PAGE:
Serialization problem

Stephen Colebourne scolebourne at
Sun Jan 31 20:50:42 UTC 2010

Thanks for the info. Unfortunately, JSR-310 cannot use unsafe, as it
needs to be usable outside the JDK.

For info, I compared the sizes of a neatly trimmed output (using a
Serialization proxy class) with the best achievable without one. 277
bytes without, 99 bytes with a proxy. So, this isn't an esoteric

What would you think of using a ThreadLocal to cache the result value
between readObject() and readResolve() ? (making everything transient
and using a dedicated format)

What do you think of the general idea of readObjectAndResolve() ? (for JDK 7+)


On 31 January 2010 13:35, Alan Bateman <Alan.Bateman at> wrote:
> Stephen Colebourne wrote:
>> I thought I'd raise an issue with serialization that I've had a problem
>> with more than once. Perhaps there is an obvious easy solution, but I can't
>> see it (I can see hard workarounds...)
>> In JSR-310 we have lots of immutable classes. One of these stores four
>> fields:
>>  private final String name
>>  private final Duration duration
>>  private final List<PeriodField> periods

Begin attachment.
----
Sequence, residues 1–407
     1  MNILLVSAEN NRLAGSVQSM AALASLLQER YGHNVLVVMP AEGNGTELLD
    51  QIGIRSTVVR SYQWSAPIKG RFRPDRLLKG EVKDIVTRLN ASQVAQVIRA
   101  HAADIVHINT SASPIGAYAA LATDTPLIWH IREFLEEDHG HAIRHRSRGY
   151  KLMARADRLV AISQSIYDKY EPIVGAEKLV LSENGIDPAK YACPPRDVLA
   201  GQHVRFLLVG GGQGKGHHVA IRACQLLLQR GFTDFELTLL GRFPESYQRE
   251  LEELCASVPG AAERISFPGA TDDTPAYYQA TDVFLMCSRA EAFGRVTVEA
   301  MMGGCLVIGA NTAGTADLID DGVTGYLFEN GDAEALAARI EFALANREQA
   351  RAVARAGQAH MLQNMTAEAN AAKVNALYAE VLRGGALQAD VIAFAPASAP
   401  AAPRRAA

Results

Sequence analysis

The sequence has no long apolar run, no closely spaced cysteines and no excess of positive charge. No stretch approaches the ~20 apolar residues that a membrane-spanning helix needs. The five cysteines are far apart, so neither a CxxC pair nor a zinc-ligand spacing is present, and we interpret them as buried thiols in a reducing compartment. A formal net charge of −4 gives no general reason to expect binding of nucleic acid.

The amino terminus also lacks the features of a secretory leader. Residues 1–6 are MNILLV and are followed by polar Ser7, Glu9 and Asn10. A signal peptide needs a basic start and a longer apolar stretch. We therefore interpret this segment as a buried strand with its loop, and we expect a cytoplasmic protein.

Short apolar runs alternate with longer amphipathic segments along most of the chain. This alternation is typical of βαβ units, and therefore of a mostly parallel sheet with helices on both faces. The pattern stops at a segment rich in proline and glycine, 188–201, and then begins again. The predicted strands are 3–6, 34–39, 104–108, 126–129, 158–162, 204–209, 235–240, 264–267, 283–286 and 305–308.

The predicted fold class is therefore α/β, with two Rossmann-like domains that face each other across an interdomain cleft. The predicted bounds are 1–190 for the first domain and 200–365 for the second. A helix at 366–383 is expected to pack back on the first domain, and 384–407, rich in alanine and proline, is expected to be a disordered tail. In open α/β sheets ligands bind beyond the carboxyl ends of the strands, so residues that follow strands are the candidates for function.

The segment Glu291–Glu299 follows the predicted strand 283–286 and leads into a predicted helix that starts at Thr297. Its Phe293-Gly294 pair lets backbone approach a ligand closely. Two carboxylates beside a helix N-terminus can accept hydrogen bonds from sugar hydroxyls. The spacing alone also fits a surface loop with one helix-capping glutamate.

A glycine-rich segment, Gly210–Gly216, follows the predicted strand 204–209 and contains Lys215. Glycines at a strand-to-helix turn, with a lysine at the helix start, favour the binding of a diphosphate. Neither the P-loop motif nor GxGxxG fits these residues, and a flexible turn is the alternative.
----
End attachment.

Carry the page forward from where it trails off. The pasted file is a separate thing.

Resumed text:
>>  private final int hashCode
>> For serialization, I only need to store the name, duration and element
>> zero from the periods list. (The rest of the period list is a cache derived
>> from the first element. Similarly, I want to cache the hash code in the
>> constructor as this could be performance critical.). Storing just these
>> fields can be done easily using writeObject()
> In the JDK there are places that use unsafe's putObjectVolatile to
> workaround this. It's also possible to use reflection hacks in some cases.
> There is more discussion here:
> Doug Lea and the concurrency group were working on a Fences API that
> included a method for safe publication so that one can get the same effects
> as final for cases where it's not possible to declare a field as field.
> For the hashCode case above then perhaps it doesn't necessary to compute the
> hash code in the constructor or when reconstituting the object. Instead
> perhaps the hashCode method could compute and set the hashCode field when it
> sees the value is 0 (no need to be volatile and shouldn't matter if more
> than one thread computes it).
> -Alan.

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